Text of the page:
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Human Heart: Anatomy, Function & Facts

heart-in-body-02
Credit: Dreamstime

The human heart is an organ that pumps blood throughout the body via the circulatory system.

Human heart anatomy

In humans, the heart is roughly the size of a large fist and weighs between 9 and 12 ounces (250 and 350 grams). It has four chambers: two upper chambers (the atria) and two lower ones (the ventricles). The right atrium and right ventricle together make up the "right heart," and the left atrium and left ventricle make up the "left heart." A wall of muscle called the septum separates the two sides of the heart.

Human heart
The human heart is about the size of a fist.
Credit: tlorna | Shutterstock

A double-walled sac called the pericardium encases the heart, which serves to protect the heart and anchor it inside the chest. Between the outer layer, the parietal pericardium, and the inner layer, the serous pericardium, runs pericardial fluid, which lubricates the heart during contractions and movements of the lungs and diaphragm.

The heart's outer wall consists of three layers. The outermost wall layer, or epicardium, is the inner wall of the pericardium.  The middle layer, or myocardium, contains the muscle that contracts. The inner layer, or endocardium, is the lining that contacts the blood.

The tricuspid valve and the mitral valve make up the atrioventricular (AV) valves, which connect the atria and the ventricles. The pulmonary semi-lunar valve separates the left ventricle from the pulmonary artery, and the aortic valve separates the right ventricle from the aorta. The heartstrings, or chordae tendinae, anchor the valves to heart muscles.

The sinoatrial node produces the electrical pulses that drive heart contractions.

Human heart function

The heart circulates blood through two pathways: the pulmonary circuit and the systemic circuit.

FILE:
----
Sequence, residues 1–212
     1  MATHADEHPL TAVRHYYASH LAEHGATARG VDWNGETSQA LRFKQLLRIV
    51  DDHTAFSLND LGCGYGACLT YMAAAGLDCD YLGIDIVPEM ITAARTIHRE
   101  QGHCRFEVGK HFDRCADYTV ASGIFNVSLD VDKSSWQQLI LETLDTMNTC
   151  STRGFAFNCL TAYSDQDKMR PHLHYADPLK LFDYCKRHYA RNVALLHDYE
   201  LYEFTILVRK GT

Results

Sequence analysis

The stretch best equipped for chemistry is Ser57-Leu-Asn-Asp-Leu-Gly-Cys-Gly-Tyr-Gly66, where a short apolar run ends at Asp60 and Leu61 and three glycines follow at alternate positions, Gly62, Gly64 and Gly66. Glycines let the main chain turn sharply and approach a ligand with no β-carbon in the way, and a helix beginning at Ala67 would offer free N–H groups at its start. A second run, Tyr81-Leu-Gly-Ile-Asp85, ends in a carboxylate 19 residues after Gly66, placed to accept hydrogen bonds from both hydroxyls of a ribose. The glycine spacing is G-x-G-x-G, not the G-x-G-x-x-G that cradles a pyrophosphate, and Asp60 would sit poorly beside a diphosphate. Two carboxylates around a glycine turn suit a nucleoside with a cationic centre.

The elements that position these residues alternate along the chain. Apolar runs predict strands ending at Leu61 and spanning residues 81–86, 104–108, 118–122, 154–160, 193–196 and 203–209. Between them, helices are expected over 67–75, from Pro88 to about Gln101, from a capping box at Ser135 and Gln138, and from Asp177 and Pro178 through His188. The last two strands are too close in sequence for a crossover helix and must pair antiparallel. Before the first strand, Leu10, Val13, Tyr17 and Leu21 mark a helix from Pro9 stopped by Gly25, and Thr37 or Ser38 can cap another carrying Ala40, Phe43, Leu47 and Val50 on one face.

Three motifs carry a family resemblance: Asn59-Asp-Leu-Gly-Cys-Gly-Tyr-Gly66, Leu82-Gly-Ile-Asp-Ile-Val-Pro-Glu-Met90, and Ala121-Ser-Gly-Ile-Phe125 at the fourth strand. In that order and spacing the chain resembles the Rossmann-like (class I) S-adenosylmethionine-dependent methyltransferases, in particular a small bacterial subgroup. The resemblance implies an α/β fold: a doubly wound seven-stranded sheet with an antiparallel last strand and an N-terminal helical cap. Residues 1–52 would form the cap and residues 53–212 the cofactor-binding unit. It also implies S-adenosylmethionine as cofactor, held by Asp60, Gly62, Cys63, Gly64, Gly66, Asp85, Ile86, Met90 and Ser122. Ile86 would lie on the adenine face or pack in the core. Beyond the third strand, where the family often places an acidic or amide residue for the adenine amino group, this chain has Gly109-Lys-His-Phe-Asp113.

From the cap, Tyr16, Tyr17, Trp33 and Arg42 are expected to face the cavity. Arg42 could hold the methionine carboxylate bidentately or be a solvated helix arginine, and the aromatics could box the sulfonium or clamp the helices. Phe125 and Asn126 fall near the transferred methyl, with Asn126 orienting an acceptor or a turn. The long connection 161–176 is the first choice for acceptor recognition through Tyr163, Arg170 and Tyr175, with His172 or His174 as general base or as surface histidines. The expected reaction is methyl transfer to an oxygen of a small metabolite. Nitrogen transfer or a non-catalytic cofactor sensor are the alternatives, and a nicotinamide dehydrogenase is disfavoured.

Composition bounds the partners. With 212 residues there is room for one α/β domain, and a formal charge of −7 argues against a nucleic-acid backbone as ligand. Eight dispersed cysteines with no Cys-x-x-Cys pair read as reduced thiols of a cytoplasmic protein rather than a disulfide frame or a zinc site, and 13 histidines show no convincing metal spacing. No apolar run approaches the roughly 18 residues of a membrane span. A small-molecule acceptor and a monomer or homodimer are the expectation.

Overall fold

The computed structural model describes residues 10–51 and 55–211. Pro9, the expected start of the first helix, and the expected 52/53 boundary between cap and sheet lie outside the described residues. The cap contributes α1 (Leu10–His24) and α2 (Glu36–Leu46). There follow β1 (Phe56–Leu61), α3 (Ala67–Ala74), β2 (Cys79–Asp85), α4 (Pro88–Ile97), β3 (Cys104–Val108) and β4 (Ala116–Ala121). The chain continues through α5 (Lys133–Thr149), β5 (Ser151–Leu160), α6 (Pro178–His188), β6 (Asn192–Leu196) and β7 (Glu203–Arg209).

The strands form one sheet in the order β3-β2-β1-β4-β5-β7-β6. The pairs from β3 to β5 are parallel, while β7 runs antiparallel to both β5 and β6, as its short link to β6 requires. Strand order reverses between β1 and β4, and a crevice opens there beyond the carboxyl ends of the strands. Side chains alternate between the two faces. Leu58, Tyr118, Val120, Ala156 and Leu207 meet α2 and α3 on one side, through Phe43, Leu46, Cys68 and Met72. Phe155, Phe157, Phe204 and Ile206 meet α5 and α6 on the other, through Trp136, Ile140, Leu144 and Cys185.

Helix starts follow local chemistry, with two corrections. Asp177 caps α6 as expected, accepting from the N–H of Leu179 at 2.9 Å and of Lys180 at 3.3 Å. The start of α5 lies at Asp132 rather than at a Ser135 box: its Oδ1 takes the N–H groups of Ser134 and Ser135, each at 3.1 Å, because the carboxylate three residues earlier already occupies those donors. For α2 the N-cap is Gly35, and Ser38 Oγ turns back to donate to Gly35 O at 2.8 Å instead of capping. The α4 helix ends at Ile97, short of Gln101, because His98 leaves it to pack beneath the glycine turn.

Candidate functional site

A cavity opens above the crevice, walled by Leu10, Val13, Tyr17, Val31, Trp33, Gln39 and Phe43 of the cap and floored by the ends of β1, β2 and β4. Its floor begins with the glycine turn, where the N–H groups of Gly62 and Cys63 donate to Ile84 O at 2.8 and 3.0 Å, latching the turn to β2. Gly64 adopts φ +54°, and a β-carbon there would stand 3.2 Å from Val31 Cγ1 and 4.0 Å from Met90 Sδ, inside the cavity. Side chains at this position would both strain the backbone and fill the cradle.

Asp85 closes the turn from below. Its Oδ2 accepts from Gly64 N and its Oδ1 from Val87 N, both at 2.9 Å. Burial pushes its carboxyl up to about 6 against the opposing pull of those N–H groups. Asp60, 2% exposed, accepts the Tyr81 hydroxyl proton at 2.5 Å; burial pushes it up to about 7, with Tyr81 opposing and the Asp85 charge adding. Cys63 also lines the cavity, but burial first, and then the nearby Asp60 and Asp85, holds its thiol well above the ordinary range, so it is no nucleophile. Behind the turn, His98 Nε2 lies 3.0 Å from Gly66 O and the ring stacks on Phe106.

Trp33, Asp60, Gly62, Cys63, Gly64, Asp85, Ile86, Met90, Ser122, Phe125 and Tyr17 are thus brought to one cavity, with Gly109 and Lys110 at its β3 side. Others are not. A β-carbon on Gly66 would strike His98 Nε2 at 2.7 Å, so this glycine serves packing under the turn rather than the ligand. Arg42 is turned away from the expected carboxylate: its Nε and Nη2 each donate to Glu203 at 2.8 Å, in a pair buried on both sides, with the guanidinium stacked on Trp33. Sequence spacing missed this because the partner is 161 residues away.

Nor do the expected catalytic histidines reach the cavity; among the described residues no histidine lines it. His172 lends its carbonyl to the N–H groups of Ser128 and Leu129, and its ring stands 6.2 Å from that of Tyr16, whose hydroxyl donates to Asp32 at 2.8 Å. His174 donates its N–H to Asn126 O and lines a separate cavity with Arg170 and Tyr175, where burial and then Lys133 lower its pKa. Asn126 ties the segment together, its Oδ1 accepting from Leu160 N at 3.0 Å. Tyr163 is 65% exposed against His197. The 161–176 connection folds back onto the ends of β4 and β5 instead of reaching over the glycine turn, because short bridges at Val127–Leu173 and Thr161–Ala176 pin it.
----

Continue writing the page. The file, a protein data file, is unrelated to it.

In the pulmonary circuit, deoxygenated blood leaves the right ventricle of the heart via the pulmonary artery and travels to the lungs, then returns as oxygenated blood to the left atrium of the heart via the pulmonary vein.

Biodigital human cardiovascular system
The cardiovascular system circulates blood from the heart to the lungs and around the body via blood vessels.
Credit: The BioDigital HumanTM developed by NYU School of Medicine and BioDigital Systems LLC

In the systemic circuit, oxygenated blood leaves the body via the left ventricle to the aorta, and from there enters the arteries and capillaries where it supplies the body's tissues with oxygen. Deoxygenated blood returns via veins to the venae cavae, re-entering the heart's right atrium.

Electrical "pacemaker" cells cause the heart to contract, which happens in five stages. In the first stage (early diastole), the heart is relaxed. Then the atrium contracts (atrial systole) to push blood into the ventricle. Next, the ventricles start contracting without changing volume. Then the ventricles continue contracting while empty. Finally, the ventricles stop contracting and relax. Then the cycle repeats.

Valves prevent backflow, keeping the blood flowing in one direction through the heart.

Facts about the human heart

  • A human heart is roughly the size of a large fist
  • The heart weighs between 9 and 12 ounces (250 and 350 grams)
  • The heart beats about 100,000 times per day (about three billion beats in a lifetime)
  • An adult heart beats about 60 to 80 times per minute
  • Newborns hearts beat faster than adult hearts, about 70 -190 beats per minute
  • The heart pumps about 6 quarts (5.7 liters) of blood  throughout the body
  • The heart is located in the center of the chest, usually pointing slightly left

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Tanya Lewis, LiveScience Staff Writer

Tanya Lewis

Tanya has been writing for Live Science since 2013. She covers a wide array of topics, including neuroscience, biotech, robotics, astronomy and strange or cute animals. She received a graduate certificate in science communication from the University of California, Santa Cruz, and a bachelor of science with honors in biomedical engineering from Brown University, with postgraduate research experience in a neuroscience. She has previously written for Science News, Wired, The Santa Cruz Sentinel, the radio show Big Picture Science and other places. Tanya has lived on a tropical island, witnessed volcanic eruptions and flown in zero gravity (without losing her lunch!). To find out what her latest project is, you can visit her website or follow Tanya on twitter or .
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